Starting with Pocahontas, with the exception of Mulan, the films showed a slow and steady decline, trying too hard to be zany (Hercules), dark (The Hunchback of Notre-Dame, possibly the worst subject choice ever for a Disney movie), action-packed (Tarzan), expensive (Dinosaur), or offbeat (Lilo and Stitch)... In short, trying too hard to be anything but the instant classics of the early 90's. Things went from bad to worse (in a curiously correlated decline of quality and box office performance), until finally, following the fiasco of "Home on the Range" (am I the only one who saw it?), Disney announced it would no longer make traditional animated films, in a move that, to me, still sounds like Ferrari announcing it's going to keep making everything except cars. Yes, there were still Pixar movies, but for all their wit and beauty, these always felt like high-tech consolation prizes for anyone who grew up with magic carpets and singing candelabras. With the end of 2-D animation came the end of a collective, global childhood, and for a few years it looked as if, much like the real one, the Disney childhood was gone for good.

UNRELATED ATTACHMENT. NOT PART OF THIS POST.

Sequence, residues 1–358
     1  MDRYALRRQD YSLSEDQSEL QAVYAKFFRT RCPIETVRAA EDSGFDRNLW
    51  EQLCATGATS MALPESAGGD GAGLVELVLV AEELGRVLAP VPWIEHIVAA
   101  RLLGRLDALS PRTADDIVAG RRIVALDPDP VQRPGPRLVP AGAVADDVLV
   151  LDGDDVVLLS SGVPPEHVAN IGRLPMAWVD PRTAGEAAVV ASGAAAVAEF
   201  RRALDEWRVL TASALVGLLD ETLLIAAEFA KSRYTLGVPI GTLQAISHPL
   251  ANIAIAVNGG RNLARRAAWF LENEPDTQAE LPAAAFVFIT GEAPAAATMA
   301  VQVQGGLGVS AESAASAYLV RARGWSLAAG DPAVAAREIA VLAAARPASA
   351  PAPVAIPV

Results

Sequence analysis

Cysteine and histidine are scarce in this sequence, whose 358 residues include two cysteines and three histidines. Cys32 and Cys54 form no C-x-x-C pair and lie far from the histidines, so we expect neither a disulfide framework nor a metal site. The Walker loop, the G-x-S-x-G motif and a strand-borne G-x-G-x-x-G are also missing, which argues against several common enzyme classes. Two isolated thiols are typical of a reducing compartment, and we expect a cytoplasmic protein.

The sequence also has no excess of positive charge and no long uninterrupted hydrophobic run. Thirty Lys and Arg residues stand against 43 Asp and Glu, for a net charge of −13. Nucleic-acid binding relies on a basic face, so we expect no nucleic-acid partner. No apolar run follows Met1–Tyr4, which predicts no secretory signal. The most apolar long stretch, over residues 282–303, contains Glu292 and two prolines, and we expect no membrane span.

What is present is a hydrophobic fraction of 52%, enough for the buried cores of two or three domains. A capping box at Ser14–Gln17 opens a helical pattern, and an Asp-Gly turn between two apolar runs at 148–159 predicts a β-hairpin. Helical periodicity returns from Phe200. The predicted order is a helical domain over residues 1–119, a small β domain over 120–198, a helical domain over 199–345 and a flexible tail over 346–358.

Until John Lasseter, the brilliant visionary behind Pixar, announced a new dawn of hope for Disney animation. The first project for the newly revived traditional feature animation department would be a real fairy tale, hand-drawn for the screen, with an old-school villain, a love interest, a fairy-godmother figure, talking animals, and, yes, even song-and-dance numbers in which the characters suddenly break into music. In short: a real Disney movie. And the result, ladies and gentlemen, titled "The Princess and the Frog," just came out in theaters yesterday, following a two-week limited release in NY and LA. Of course, as anyone who's read this post so far must have already guessed, I wasted no time in seeing it the day it came to my city.